What is Hybrid Learning?
“Blended Learning” and “Hybrid Learning” are the terms often used interchangeably, but there is a subtle difference between the two terms.
Hybrid learning is an educational model where some students attend class-in-person and others join the class virtually from home but at the same time. Under the hybrid learning model, teachers can simultaneously teach in-person and remote students through a mix of in-person and web-based, learner-driven activities.
It combines traditional classroom experiences, experiential learning objectives and digital course delivery to apply the right mix of learning techniques to teach effectively and meet the learning needs of students.
Hybrid learning is fascinating and provides a coherent experience for all the students. The hybrid learning model provides educators and parents with a greater degree of flexibility and freedom to choose how to teach and learn while expanding access to education.
Under the hybrid learning model, the online portions however can take on lots of different forms, such as bite-sized concept videos and clips, assigned readings, gamified lessons, online discussions and quizzes. Some assignments might be synchronous or live. That means all the students attend the class either physically or log onto the class’s online learning platform to participate in lectures, activities, or discussions at the same time.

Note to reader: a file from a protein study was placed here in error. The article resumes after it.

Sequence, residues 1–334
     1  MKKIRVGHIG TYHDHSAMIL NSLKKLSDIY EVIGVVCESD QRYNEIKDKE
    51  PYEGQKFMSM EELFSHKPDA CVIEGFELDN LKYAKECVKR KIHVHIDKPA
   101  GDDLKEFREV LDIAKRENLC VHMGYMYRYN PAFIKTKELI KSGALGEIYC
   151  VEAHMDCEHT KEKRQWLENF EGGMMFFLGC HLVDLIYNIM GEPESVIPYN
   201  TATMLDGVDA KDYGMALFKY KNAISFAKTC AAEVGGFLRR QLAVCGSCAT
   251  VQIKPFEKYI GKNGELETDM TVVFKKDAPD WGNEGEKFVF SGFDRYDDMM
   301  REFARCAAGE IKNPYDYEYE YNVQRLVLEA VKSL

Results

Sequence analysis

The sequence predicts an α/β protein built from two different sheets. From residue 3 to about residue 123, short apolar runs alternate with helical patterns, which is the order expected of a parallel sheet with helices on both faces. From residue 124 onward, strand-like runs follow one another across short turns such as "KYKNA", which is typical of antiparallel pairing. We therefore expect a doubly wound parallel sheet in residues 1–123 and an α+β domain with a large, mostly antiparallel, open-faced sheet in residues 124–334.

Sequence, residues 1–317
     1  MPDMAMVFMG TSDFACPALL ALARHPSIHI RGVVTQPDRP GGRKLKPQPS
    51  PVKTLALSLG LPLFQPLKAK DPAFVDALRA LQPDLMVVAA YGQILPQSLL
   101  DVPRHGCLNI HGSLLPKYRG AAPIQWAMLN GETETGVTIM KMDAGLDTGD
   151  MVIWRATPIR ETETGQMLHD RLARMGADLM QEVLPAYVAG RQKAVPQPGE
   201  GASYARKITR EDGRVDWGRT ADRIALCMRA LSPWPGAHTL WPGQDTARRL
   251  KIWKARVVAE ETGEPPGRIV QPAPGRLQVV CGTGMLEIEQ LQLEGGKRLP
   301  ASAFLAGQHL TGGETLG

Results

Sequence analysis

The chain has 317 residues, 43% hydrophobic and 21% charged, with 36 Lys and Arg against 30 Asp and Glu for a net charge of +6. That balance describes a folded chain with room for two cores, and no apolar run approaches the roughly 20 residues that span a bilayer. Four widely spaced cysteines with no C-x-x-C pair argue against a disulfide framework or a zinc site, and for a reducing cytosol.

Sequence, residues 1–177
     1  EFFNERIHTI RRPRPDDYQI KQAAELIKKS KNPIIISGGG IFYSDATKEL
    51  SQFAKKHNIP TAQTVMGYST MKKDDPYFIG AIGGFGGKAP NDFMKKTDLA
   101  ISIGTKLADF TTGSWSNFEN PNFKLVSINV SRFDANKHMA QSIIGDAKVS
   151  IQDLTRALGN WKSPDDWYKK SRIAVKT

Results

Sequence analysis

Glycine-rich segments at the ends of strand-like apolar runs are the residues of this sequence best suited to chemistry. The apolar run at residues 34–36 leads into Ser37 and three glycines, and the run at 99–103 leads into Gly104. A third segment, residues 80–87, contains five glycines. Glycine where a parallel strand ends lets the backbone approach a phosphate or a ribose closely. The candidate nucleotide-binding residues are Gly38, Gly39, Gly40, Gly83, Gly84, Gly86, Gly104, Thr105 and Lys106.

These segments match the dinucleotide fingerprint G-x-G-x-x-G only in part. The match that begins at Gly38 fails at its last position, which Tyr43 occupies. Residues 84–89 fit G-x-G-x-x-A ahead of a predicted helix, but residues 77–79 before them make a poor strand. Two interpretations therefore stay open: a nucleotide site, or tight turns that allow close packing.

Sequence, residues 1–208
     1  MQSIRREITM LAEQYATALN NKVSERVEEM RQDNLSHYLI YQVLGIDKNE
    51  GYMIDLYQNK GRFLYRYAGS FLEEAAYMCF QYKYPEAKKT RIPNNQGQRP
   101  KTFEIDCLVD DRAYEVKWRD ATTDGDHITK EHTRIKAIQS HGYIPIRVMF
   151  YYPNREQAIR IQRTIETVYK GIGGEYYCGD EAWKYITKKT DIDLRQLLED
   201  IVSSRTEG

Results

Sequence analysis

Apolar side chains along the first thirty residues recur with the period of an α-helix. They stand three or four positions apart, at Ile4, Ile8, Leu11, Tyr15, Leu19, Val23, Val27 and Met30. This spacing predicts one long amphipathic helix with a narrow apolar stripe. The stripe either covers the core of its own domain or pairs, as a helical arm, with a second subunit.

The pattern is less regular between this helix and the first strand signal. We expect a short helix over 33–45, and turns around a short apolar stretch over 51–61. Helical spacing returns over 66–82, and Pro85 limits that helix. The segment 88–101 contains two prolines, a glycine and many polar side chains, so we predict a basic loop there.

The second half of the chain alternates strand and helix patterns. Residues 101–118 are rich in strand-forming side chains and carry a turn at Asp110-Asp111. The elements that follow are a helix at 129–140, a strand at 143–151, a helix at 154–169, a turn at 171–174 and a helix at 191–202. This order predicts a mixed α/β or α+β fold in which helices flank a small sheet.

But hybrid courses can also include asynchronous elements. Simply put, hybrid classes often have online portions that students complete at their own pace.
Read more on Hybrid Learning – The Future of Education
What does hybrid learning look like in practice?
A hybrid school system splits students into groups and creates a schedule for in-person and distance learning. A solution where some students can learn from home, while the other half attends school, ensures that large groups are avoided. This is so needed during these unfortunate pandemic times.
Learning group A and learning group B are from the same class; learning group A attends school in-person, while learning group B attends the class virtually but at the same time.
Under the hybrid learning model, learning group A might attend school in person for a few days a week, wherein, learning group B logs into the virtual learning platform to attend the class or vice versa. However, both learning groups then participate in the same activities for the rest of the week.